Cerebral Palsy Cure

According to estimates by the Centers for Disease Control and Prevention (CDC), 1 of out every 323 children in the U.S. have cerebral palsy (CP). This high incidence rate makes CP the most common childhood disability that affects motor function and the muscular system. CP can be treated through a variety of methods, but despite ongoing medical research, there’s no cure.

The Search for a Cure

Although modern medicine has understood that CP is connected to difficulties within the brain since the 19th Century, researchers have not found a cure. This is partially because CP is not a singular disability, but is a group of disorders that affect the motor center in a baby’s cerebellum.

There are four types of CP (spastic, dyskinetic, ataxic, and mixed), and each one has its own set of symptoms and complications. In addition, CP’s causes, severity and symptoms vary from one child to another. This combination of factors makes it difficult for researchers to find a cure.

The National Institute of Neurological Disorders and Stroke (NINDS) is one of two divisions of the National Institutes of Health  (NIH) at the forefront of CP research. The Eunice Kennedy Shriver National Institute of Child Health and Development (NICHD) also conducts extensive research on birth injuries such as neonatal encephalopathy, hypoxic ischemic encephalopathy, and CP.

Per NINDS, research carried out with its funding support has provided the medical community with most of the known facts about CP. Scientists have been able to identify new causes and risk factors. Pharmacologists have also developed new medications to treat muscle stiffness and spasticity, and physicians now have a clearer picture of how and why brain damage at certain points in fetal development causes CP.

Cerebral palsy’s multitude of causes and types requires researchers to take a multi-pronged approach in their search for a cure. According to NINDS, geneticists collect DNA from children with cerebral palsy and their family members to find genes that can cause deformities or abnormalities in brain tissue that sometimes trigger CP. Other scientists investigate events in a newborn’s brain that cause harmful releases of chemicals. These events include:

  • Bleeding in the brain
  • Epileptic seizures
  • Problems with the respiratory and circulatory systems

For instance, medical researchers have discovered that bleeding in a baby’s brain triggers unusually large and dangerous levels of glutamate, a chemical that aids communication between neurons. Unfortunately, too much glutamate overstimulates and destroys neurons.

Investigations into the toxic effects of too much glutamate or other chemicals in a baby’s body assist in the development and manufacture of medicines that can prevent the harmful effects.

Promising New Treatment: Stem Cell Injections

Currently, researchers are developing many experimental treatments to alleviate or cure CP, including stem cell therapy.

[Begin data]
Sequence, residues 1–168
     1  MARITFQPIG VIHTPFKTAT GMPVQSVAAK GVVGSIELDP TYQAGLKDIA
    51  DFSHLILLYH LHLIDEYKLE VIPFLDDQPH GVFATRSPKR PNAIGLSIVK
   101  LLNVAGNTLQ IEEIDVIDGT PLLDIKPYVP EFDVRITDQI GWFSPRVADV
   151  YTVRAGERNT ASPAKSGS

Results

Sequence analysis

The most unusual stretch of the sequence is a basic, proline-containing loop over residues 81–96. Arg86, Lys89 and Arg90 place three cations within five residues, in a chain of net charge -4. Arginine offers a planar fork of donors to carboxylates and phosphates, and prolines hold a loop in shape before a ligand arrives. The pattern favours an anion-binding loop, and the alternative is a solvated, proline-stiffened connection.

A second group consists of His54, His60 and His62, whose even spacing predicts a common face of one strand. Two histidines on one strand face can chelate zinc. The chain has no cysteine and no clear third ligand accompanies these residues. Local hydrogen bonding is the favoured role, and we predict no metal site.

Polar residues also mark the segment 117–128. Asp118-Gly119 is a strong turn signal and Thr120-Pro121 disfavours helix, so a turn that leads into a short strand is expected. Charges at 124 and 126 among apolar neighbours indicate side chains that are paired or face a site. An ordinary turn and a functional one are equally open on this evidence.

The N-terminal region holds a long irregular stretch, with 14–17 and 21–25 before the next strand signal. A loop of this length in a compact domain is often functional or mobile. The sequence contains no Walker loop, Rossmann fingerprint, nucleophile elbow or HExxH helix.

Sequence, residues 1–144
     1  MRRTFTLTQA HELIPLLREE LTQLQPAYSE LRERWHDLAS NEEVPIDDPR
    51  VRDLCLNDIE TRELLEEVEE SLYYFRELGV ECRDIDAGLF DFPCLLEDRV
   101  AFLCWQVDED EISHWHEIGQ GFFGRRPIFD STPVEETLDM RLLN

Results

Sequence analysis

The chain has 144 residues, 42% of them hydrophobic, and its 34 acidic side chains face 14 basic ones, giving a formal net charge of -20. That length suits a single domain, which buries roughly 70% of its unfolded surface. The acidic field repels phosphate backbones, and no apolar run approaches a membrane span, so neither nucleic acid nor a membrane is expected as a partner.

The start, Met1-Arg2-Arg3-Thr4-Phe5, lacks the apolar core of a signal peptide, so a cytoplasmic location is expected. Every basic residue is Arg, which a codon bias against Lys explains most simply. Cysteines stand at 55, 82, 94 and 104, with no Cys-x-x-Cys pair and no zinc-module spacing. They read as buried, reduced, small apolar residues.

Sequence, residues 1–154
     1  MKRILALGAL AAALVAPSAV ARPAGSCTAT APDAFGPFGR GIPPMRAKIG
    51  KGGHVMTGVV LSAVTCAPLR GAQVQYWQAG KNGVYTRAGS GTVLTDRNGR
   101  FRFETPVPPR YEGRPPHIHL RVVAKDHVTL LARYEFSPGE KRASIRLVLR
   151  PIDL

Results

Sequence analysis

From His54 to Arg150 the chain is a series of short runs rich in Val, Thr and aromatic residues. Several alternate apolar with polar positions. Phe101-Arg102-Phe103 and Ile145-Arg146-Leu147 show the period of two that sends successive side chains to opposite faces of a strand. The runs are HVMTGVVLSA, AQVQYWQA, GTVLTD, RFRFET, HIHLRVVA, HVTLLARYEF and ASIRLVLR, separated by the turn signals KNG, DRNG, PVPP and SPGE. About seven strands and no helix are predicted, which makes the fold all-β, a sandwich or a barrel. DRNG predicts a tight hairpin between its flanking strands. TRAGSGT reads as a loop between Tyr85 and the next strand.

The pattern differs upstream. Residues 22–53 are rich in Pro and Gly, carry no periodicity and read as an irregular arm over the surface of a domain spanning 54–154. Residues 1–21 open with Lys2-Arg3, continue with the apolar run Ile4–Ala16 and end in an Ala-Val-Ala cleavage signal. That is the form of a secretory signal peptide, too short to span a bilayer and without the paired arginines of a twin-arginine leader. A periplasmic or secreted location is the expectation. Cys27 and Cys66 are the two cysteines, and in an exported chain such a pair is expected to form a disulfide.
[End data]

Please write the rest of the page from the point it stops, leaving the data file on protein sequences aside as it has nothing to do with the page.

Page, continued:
In 2013, Drew Kijek, an 11-year-old boy from Detroit, participated in a trial by the Food and Drug Administration (FDA) in which his cord blood stem cells were used to treat his cerebral palsy.

Per Detroit’s CBS Radio affiliate, Drew’s CP is so severe that he could not walk, talk or hold his head up for more than a few seconds before undergoing the FDA trial of stem cell injections.

According to CBS Radio, it took two rounds of stem cell injections between January and May of 2013 before Drew showed any sign of improvement. However, after the second round of injections began , Drew was able to sit up on his own for the first time in his life.

“It was incredible. I never thought I would see it, honestly, and to see if for the split second or the couple seconds that it was happening, made my day, made my week, my month. And then now, just a couple months later, you know, seeing him able to sit for minutes at a time, it’s incredible. I never thought that I would see that,” said Maureen Kijek, Drew’s mother, in an interview with Detroit media.

Though the stem cell injection treatment improved Drew’s ability to control some of his movements, it did not cure his CP.

What Can Be Done About Cerebral Palsy?

Although scientists have not yet found a cure for CP, doctors, therapists, and other caregivers offer various treatment options to enhance the lives of children with the disability.

According to the CDC, the best approach involves creating a treatment plan as soon as a diagnosis of cerebral palsy has been made. A team of medical professionals works with the baby’s family to come up with a program that will improve the child’s physical, intellectual, and emotional condition.

Treatment plans are based on the type, symptoms and severity of CP and other associated conditions and vary from child to child. Generally, treatment  includes medications, physical and occupational therapy, the use of mobility aids such as wheelchairs, braces, crutches, and surgery.

Other elements of a life treatment plan include early childhood intervention and placement in special education classes to help a child participate in school and be able to learn and interact with other children. In addition, child psychologists can help children with CP to cope with stress, depression, and other emotional problems caused by their disability.